Hey, I *love* noir. But the story, such as it was, wasn’t compelling in any way. There wasn’t any narrative momentum to it…neither the author nor the character seemed the least bit invested in it. Fine. I can live with that. Problem was, Taylor wasn’t compelling either. I’ve seen the drunken, self-destructive cop/detective so many, many, many times before…and I didn’t see anything fresh in Bruen’s take on this same oh-so-familiar stereotype. I kept waiting for something, anything, to grab me… but it never came. There’s no doubt Bruen is a fine writer…so I’ll give him another try…I’ll just pick one of his books that doesn’t feature Taylor (oddly, his many quotes from other noir/detective novels only reminded me how much better those books were than the one I was reading).
I still remember the first time I read MIAMI BLUES. *That* was a fresh take on the down-trodden, self-destructive homicide detective (it was already a cliche twenty years ago). Hoke Moseley was a true original… and stayed that way through the books that followed. I felt the same way about James Crumley’s DANCING BEAR and THE LAST GOOD KISS…and Richard Barre’s THE INNOCENTS… stunning, fresh takes on the traditional PI stereotype. To me, those were great books…with plots almost as fresh as the characters. They deserved all the hoopla that surrounded them…I don’t think THE GUARDS is in the same league. I don’t see what’s so special about it, though clearly, I am in the minority…
Oh dear God, you want to talk about one big flaming cliche, let’s talk about THE LAST GOOD KISS. Suppossedly this has one one the greatest opening lines ever, but I never got it. It starts with a PI in a bar. Big whoop, he’s looking at an ugly dog. Big whoop. I loved THE GUARDS. And what sets it apart from all of the other ex-cop, drunk, loner, PI’s is that THERE ARE NO PI’S IN IRELAND. He’s definately one of a kind.
I’m tired of the drunk loner PI, and I don’t read PI novels. 🙂
I already said what I wanted over at Sarah’s. I’m interested in this idea of getting sick of a particular kind of book, though. I never tire of the alcoholic/ex-alcoholic loner plot, in the same way that some people never get sick of the boy meets girl story. In its weakest incarnations (Kathy Reichs!), you feel the “struggle with alcohol” is there as some token “conflict” like what you’d learn about in a how-to book. But as far as I am concerned the struggle against the desire to completely and massively self-destruct is the great story in life! Lee, thanks for this thought-provoking post–even though I completely disagree with you… Do read the Brixton novels & see what you think. The ending of THE DRAMATIST is also about the only thing that’s made me cry for years.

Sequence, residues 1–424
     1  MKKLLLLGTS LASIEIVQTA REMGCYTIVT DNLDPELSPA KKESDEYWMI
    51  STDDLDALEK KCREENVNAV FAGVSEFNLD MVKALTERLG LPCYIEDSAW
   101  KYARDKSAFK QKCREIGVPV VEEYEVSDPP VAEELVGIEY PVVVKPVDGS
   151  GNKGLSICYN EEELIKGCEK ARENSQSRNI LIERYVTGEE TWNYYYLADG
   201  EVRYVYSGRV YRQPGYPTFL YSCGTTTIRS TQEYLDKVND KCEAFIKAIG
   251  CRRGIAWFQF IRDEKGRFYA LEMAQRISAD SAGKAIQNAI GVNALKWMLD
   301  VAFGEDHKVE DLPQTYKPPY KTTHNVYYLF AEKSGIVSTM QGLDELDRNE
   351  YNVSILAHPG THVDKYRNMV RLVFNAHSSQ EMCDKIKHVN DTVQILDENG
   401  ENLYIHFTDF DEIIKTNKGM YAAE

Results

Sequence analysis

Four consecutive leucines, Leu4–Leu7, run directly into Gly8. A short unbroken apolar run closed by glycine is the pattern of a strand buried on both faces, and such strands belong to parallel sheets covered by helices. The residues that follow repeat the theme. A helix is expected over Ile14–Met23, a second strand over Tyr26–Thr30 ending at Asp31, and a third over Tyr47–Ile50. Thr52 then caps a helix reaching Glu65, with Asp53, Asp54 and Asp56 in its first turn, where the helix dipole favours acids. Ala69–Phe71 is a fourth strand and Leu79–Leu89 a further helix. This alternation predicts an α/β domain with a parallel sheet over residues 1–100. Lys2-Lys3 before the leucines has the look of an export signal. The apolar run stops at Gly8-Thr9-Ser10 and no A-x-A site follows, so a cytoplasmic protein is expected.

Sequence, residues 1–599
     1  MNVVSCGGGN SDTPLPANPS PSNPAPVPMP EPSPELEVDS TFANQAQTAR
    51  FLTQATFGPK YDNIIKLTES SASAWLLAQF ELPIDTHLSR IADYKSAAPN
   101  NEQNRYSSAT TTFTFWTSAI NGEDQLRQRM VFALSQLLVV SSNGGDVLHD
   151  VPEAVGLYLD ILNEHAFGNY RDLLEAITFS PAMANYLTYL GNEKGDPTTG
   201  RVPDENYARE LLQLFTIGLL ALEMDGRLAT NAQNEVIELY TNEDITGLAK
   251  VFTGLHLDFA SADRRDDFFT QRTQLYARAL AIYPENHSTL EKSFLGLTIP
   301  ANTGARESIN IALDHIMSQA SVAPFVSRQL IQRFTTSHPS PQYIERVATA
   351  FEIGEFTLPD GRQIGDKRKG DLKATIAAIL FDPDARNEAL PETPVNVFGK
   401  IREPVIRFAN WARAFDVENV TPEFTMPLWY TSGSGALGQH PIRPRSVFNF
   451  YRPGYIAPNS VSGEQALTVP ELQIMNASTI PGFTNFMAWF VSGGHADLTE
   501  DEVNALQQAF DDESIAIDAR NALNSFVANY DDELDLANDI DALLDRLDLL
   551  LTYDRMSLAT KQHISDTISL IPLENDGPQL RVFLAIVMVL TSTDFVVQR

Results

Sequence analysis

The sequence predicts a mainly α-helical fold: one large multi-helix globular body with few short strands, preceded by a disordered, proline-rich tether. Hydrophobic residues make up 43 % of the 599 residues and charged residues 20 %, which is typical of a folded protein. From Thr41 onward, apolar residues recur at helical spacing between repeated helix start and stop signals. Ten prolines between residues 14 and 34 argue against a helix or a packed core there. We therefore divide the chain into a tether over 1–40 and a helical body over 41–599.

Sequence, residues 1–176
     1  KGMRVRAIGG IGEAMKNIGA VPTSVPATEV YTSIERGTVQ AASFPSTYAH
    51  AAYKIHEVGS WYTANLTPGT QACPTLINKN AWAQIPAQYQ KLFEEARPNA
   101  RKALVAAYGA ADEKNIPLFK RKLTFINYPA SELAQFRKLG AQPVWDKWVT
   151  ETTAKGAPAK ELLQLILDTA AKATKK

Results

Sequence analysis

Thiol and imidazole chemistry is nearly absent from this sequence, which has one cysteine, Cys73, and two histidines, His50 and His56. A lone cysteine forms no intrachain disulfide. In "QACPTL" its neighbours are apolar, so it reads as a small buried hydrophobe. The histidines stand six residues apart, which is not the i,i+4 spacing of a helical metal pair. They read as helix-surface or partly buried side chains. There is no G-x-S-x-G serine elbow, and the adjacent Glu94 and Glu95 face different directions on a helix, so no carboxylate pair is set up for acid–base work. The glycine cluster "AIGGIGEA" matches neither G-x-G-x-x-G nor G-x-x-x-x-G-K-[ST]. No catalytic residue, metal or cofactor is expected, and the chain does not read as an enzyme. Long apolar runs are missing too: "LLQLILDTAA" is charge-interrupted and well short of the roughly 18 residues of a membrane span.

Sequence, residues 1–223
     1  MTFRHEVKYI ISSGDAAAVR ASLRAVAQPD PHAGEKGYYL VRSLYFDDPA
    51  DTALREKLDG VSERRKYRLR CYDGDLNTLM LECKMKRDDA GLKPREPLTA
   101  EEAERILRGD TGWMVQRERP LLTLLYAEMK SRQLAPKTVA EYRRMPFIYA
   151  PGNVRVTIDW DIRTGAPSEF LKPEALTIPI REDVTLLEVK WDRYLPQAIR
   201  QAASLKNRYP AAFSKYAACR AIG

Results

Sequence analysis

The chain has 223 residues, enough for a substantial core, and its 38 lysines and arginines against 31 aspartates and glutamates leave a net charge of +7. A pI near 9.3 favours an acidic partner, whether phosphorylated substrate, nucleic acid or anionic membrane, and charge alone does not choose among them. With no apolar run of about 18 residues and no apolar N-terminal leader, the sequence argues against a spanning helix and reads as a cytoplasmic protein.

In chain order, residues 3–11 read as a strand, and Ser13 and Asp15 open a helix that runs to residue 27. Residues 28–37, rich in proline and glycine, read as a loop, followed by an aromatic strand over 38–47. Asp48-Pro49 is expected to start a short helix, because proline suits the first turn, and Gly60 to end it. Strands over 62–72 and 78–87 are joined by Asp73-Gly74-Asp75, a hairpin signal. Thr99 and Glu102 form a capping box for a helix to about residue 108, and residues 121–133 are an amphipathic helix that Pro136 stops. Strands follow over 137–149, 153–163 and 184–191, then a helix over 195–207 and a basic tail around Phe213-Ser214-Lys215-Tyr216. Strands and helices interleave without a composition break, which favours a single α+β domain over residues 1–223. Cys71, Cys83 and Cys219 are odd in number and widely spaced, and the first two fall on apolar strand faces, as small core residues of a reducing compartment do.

This discussion about THE GUARDS has made me think back fondly about how it felt to discover a great noir author for the first time…
For example, I remember picking up Daniel Woodrell’s THE ONES YOU DO in England….an American author I’d never heard of…and the pure exhiliration I felt reading his book. The characters, the plot, the writing…pure brilliance. I devoured every other book he’d written. And by the way, he’s still turning out amazing work.
I felt the same way when I finally discovered Harry Whittington a few months ago, starting with A MOMENT TO PREY…and, shortly before that, when I read Dan Marlowe’s stunning classic THE NAME OF THE GAME IS DEATH. Those were great books…just to name a few.
To me, THE GUARDS is a tightly-written cliche that offers nothing new (and isn’t in the same league as an average Whittington). The only thing that really stands out about the book is the anger and self-loathing that soaks every page. For me, that’s not enough…certainly not to overpower the tired cliche at the center of the slim story.